Sign thieves strike 20 Mile Museum, Donner Summit Historical Society
In a bid to help the local economy while providing historical context for many sites in the area, the Donner Summit Historical Society has spent nearly a decade erecting interpretive signs, mostly along Old Highway 40 between Truckee and Auburn.
Recently a pair of signs detailing Native American Historical sites — one near Donner Summit Bridge and the other in Summit Valley — have been stolen by what the society has called “anti-history thieves.”
“The two that were stolen this year, one was for the petroglyphs down below Donner Summit Bridge, and the other one was for the Native American grinding rocks … that’s the second year in a row that one has been stolen,” said Donner Summit Historical Society Vice President Bill Oudegeest. “This year we lost both of the Native American ones.”
There are 47 signs as part of the 20 Mile Museum, according to Oudegeest, with each costing roughly $700. The stolen signs, which give a story about the site, list things to do, and show locations on a map, will have to be remanufactured — a process that takes several months.
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“We started placing those signs eight or nine years ago,” Oudegeest said. “People come by, they see the history of the spot, there’s a story on each one, and there’s a list of things to do.”
With it being the second straight year the sign detailing a Native American grinding rock site, and third overall Native American sign stolen, Oudegeest said he believes a misguided individual or individuals are attempting to preserve Native American Heritage by removing the signs.
“Clearly you’ve got a few people who don’t want anybody else to see what they know about, and that’s worthy of public debate,” Oudegeest said. “Whoever is doing it is trying to inject their own politics into something the community likes … maybe there’s somebody in town who knows something.”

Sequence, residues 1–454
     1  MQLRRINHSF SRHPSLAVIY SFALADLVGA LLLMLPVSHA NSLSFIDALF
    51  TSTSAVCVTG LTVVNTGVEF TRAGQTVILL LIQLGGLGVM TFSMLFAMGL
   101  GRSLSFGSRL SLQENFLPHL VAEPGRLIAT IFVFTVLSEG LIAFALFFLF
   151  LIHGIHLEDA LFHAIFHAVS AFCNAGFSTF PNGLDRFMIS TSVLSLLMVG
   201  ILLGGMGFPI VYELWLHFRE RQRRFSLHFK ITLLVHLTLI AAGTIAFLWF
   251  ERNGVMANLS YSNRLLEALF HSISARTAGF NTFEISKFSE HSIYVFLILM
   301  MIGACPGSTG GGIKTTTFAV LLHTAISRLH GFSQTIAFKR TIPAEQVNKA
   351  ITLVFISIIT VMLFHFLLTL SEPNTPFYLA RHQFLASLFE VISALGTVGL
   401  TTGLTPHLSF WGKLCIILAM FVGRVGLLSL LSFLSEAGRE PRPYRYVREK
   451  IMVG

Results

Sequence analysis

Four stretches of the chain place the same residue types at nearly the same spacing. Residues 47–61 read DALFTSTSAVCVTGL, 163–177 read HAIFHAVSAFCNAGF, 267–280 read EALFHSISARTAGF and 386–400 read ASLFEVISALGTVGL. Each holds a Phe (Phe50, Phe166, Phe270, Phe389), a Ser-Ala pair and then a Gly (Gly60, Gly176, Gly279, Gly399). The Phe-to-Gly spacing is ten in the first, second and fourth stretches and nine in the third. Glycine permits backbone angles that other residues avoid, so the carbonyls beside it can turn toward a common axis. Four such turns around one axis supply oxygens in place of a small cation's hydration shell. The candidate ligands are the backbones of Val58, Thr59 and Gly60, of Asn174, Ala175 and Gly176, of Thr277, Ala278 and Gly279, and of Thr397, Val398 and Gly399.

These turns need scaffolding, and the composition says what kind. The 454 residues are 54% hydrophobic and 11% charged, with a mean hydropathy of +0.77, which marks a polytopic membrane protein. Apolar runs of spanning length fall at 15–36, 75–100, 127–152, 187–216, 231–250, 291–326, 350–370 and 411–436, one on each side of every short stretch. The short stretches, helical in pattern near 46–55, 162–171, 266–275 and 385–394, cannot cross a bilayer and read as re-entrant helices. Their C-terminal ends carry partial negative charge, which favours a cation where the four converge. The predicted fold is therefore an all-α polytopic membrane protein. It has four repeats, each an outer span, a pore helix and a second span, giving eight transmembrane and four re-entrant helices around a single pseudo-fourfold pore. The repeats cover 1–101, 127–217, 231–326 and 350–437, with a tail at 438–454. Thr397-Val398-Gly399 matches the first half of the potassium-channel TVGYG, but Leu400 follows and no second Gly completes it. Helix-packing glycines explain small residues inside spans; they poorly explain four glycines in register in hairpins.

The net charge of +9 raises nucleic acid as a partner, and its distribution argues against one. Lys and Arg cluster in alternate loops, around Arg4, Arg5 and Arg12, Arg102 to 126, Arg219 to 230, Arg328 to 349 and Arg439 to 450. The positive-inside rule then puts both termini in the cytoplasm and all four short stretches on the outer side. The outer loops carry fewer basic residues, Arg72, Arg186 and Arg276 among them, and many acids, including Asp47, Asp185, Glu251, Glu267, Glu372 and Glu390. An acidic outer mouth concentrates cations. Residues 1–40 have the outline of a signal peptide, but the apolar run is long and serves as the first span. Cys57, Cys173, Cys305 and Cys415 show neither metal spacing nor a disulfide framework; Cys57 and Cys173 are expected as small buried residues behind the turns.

The fact that the Truckee third and fourth graders had put together the petroglyph sign, added insult to injury for the historical society. That sign disappeared about a week after being put up following its storage for the winter months.
“It’s sad because the signs are expensive, the Donner Summit Historical Society is small without many resources, and the signs and their heavy steel stands take a lot of time to make,” said Oudegeest in the society’s monthly newsletter.
The sturdy metal frames supporting the stolen signs were also stolen.
“I don’t know what is going on,” said Oudegeest. “We’ve got a popular tourist attraction that somebody doesn’t like, but it’s a particular part of it that they don’t like because there are 45 others they could take that would be even easier to get to.”
Each of the 20 Mile Museum signs have been sponsored by a community member or community organization. If individuals have information in regard to the stolen signs contact the historical society at DonnerSummitHistoricalSociety.org.
Justin Scacco is a reporter for the Sierra Sun. Contact him at email@example.com.
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